Asylum (House of Crazies) - Movie Reviews - Rotten Tomatoes

Asylum (House of Crazies) Reviews

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½ November 20, 2010
Amicus horror anthology,with stories written by Robert Bloch (Psycho).Well made,good acting,and an iconic score.
November 10, 2010
The stories start off well but get progressively worse and lead up to a limp ending. Stellar cast helps lift it up a bit.
October 11, 2010
A typically mixed bag of horror in this anthology from Amicus, it's got some great sets and an unnerving feel, but for whatever reason it manages to end on the weakest of the three storylines, aside from the stinger involved in the wraparound tale.

Worth a rental, but nothing too special.
½ October 5, 2010
Out of the stories, the best one is "Lucy Comes to Stay". The framing story that surrounds the short films is much better than the films themselves.
October 1, 2010
Dated, but still enjoyable British horror anthology that plays out a lot like Tales From the Crypt. Some of the stories are unoriginal like a man's dead wife gets revenge on him, or a woman's best friend is only around when a murder is comittited. On the other hand there are some good ones like the tailor that is given some special fabric to make a suit out of and also the scientist thatakes little dolls with human organs to do his dirty work. If you are looking for some light old school horror this is a perfect place to look.
August 10, 2010
It is not necessary to my life to watch this one.
½ August 7, 2010
Asylum is a fun omnibus horror film from British horror company Amicus and director Roy Ward Baker of Hamer and Amicus fame. The stories are strung together by an interesting and original frame story. A psychiatrist arrives at an asylum to take over from the former doctor who went insane. The director invites him to meet the patients and decide for himself wihich one of them was the former doctor. As he meets each of the four patients, there stories unfold for us. Stories of murder and the supernatural comingle as explanations of how these patients have come to be labeled as insane. Or are they really insane? Asylum blurs the lines between reality and the paranormal and asks where designations such as sane and insane truly hold any bearing. A fun little horror film that will delight fans of Hammer and Amicus.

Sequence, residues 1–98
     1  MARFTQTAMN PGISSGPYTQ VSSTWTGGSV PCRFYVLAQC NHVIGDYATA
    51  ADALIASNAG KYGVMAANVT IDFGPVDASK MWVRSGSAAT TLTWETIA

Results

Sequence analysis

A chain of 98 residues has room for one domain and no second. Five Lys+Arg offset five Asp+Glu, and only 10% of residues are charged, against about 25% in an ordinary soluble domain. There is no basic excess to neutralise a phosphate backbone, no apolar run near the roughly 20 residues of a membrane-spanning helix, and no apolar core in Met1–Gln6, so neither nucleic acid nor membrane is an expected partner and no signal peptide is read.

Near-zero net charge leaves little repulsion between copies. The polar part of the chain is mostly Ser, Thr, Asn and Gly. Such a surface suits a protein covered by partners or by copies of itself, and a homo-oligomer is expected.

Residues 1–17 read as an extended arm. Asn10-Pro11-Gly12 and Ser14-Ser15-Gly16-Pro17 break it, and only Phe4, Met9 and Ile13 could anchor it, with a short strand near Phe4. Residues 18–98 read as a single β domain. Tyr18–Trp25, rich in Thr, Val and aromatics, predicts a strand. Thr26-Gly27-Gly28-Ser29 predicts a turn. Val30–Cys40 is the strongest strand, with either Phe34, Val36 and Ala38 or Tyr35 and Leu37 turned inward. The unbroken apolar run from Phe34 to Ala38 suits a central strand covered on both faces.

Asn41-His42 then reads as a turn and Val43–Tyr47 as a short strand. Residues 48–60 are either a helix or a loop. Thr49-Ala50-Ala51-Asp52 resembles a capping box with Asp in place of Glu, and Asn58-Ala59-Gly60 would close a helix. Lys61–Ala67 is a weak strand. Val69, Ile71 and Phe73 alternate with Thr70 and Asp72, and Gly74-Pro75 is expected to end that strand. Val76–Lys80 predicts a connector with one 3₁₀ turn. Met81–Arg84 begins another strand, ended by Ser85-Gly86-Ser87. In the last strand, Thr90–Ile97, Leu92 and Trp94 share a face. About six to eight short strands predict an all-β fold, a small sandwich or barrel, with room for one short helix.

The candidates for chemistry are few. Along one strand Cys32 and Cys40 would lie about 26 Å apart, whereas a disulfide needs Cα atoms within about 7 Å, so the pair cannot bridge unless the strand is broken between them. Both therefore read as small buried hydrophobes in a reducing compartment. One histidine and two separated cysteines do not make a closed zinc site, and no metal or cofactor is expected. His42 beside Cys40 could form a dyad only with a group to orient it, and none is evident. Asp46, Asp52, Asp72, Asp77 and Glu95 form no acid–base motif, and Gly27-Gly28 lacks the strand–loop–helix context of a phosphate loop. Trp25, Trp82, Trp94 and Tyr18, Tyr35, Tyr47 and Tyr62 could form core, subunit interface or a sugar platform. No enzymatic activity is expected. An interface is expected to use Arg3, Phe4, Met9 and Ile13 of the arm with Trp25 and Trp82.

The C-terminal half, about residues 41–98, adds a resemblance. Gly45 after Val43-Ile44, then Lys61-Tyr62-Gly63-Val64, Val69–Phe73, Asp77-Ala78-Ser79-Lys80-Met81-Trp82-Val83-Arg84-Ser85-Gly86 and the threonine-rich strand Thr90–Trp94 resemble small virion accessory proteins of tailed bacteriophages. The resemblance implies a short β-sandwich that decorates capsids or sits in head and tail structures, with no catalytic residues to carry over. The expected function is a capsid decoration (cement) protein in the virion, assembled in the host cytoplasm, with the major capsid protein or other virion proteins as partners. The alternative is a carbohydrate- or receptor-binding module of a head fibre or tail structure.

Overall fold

June 18, 2010
Fun anthology flick with Cushing, Ekland and Lom.
½ June 16, 2010
Strange. Very strange. From dismembered body parts that come to life, seeking retribution to mannequins that come to life when donning a suit made from a certain material to little voodoo dolls that walk & kill, the flick was just plain weird. Entertaining enough, I guess. It's basically a Tales From The Crypt/Creepshow type deal where there's 4 mini stories that tie into the main story of a man visiting the asylum in hopes of being appointed head doctor. Worth the watch, once, but for me - not a keeper.
April 30, 2010
A good, but not great, Amicus collection here. Of the 4, the Charlotte Rampling one is the best because, fuck, it's Charlotte Rampling, and the doll one at the end is the weakest. Actually, this film is the weakest so far in the Amicus series I've seen thus far.
March 29, 2010
Works better as a visual archive of 60s/70s home interior design and fashion than a horror movie. Still, one can never go wrong with timeless lines like: "Rest in pieces"...
½ January 23, 2010